The PROOF Centre of Excellence team reflects on success in the context of work and life.
On any given day, you’ll find PROOF Centre staff and scientists scattered across the lower mainland, and busy working either at St. Paul’s Hospital, UBC, VGH or the Hornby St. office. But on a recent and typically cloudy October afternoon, PROOF team members in Vancouver converged upon Cavino to mingle and reconnect.
With the team gathered togther, PROOF Centre’s CEO Dr. Bruce McManus, and COO Janet Wilson-McManus talked about the journey of taking a project, like the blood test for heart failure rejection, from concept to clinic, and they invited others to share their stories of success.
Breanne Crouch shared a story about stepping out of her own comfort zone of working in transplant research to working in a new arena of research, chronic obstructive pulmonary disease (COPD), with a new population of patients. The program is underway with a successful start to patient enrollment.
Others in the PROOF team shared life successes, like relocating to a different country (Dr. George Mak), getting engaged to be married (Casey Shannon), and becoming a tenured faculty (Dr. Gaby Cohen Freue).
Is there room for failure in success?
“Success and failure are sometimes too goal-oriented,” reflected Dr. Raymond Ng, CIO, after the mingler. “Often it may make sense to use broader terms. Instead of ‘success’, we should also think about ‘satisfaction’. The two terms are not identical; sometimes having success does not mean satisfaction, and vice versa. Instead of ‘failure, we should also think about “regret”. Having failures does not mean that we have regret; and sometimes people build their success on others’ regret. My PROOF Centre experience is mainly tied to successes and satisfaction; and when failure occurred, there was no regret.”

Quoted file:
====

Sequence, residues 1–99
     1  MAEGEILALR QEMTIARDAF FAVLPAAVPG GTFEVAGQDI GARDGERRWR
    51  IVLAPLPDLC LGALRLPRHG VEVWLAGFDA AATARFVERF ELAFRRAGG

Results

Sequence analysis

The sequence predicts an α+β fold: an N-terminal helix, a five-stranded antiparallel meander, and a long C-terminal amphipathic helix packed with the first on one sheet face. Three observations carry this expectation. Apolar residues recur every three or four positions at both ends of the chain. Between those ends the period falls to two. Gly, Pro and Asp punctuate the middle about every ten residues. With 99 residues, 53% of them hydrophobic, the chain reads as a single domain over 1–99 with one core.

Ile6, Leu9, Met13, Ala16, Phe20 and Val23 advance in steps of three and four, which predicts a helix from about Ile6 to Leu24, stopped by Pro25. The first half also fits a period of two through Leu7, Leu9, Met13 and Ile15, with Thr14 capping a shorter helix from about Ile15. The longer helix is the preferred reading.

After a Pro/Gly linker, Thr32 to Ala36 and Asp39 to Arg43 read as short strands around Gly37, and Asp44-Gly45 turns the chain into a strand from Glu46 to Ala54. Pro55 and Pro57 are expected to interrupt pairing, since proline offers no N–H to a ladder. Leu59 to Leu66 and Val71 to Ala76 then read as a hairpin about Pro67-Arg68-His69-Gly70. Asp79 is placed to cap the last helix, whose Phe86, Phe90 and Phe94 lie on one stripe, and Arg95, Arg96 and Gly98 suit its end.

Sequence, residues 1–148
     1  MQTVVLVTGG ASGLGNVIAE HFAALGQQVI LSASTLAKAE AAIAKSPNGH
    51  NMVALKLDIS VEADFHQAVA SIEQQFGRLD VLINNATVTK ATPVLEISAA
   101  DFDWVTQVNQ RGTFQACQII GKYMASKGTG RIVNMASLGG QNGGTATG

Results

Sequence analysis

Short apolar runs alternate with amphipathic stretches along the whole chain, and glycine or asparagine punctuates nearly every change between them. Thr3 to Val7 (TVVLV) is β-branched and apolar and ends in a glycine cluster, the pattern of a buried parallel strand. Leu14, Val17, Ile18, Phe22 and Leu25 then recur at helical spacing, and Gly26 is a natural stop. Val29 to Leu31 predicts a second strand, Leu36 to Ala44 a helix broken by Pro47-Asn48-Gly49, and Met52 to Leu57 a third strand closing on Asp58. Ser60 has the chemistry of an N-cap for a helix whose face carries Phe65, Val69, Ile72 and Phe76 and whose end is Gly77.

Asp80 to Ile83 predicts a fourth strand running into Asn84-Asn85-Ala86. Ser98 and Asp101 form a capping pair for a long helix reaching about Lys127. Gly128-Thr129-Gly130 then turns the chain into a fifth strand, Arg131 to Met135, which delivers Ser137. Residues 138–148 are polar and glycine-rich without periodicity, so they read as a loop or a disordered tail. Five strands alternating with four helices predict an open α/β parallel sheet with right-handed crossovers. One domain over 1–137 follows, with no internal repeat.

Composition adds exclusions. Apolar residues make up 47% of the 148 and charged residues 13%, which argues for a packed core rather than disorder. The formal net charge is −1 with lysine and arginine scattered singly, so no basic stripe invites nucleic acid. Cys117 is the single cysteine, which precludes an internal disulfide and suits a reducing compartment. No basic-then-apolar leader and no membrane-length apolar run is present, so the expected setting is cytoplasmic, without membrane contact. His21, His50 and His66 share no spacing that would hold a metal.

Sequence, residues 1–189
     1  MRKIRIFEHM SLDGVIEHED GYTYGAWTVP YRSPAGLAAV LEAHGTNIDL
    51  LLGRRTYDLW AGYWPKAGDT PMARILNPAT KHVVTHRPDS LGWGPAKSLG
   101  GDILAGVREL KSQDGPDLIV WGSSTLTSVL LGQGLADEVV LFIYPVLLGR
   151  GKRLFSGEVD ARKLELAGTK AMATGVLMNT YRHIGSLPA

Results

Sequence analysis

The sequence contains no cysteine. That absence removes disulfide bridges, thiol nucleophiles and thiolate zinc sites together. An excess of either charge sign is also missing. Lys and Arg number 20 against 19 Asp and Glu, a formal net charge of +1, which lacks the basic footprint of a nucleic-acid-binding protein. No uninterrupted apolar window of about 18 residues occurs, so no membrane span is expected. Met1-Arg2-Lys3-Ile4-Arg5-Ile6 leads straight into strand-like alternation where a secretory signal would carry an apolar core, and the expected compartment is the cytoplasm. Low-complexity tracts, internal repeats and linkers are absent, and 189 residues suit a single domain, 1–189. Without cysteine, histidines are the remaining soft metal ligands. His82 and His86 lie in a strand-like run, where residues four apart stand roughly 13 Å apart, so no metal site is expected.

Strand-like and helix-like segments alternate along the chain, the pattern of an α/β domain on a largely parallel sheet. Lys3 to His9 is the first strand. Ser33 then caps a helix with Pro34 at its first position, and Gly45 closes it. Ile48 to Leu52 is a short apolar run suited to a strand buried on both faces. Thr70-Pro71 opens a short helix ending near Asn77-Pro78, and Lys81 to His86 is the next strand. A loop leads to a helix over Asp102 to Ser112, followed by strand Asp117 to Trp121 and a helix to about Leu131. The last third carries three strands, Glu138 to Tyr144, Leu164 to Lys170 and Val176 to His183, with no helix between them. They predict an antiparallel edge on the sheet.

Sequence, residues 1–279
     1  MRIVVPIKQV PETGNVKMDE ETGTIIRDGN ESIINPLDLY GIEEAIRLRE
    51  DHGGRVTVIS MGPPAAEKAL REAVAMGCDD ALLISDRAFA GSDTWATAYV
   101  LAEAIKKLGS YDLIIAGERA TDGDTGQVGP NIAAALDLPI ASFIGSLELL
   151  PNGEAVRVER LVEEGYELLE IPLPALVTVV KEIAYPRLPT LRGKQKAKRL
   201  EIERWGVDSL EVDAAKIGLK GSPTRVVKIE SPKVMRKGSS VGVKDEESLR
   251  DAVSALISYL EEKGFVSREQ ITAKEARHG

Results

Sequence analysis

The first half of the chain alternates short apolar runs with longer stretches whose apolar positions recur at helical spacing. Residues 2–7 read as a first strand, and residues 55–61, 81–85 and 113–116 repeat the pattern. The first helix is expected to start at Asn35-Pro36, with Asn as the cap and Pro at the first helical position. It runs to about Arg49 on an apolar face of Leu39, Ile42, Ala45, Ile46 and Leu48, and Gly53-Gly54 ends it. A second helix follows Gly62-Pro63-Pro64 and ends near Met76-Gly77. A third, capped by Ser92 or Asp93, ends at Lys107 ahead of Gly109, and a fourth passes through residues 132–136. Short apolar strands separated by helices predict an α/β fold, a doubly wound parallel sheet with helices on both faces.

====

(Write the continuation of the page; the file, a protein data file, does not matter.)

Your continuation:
Data mining analyst, Virginia Chen, agrees. “Whether we’re talking about biomarkers or life, we start with a goal in mind. But then we learn something new, and adjust our strategy.” For Chen, success means being able to re-evaluate direction with each new learning, without being tied to the original intended goal.
When the going gets tough, statistician Dr. Gaby Cohen Freue says that the journey to success requires passion, patience and persistence to get through the bumpy patches. Dr. McManus used the analogy of President Abraham Lincoln, who was rejected time and again during his political career before eventually becoming one of the most-revered American presidents in history.
PROOF eyes success (and satisfaction, with no regrets) as a team
With the heart failure program set to begin clinical validation, the COPD program in the midst of enrolling patients, and the announcement of a new collaboration to discover biomarkers of muscular dystrophy, it’s easy to forget that the road has been anything but smooth for the organization.
“There’s something special about being here, particularly in the St. Paul’s environment,” observed Roxanne Rousseau, who spends most of her time at VGH.
Perhaps the secret that will carry PROOF through the coming months and years is the feeling of belonging to a team that cares. As Janet Wilson-McManus says, “We’re a family here.”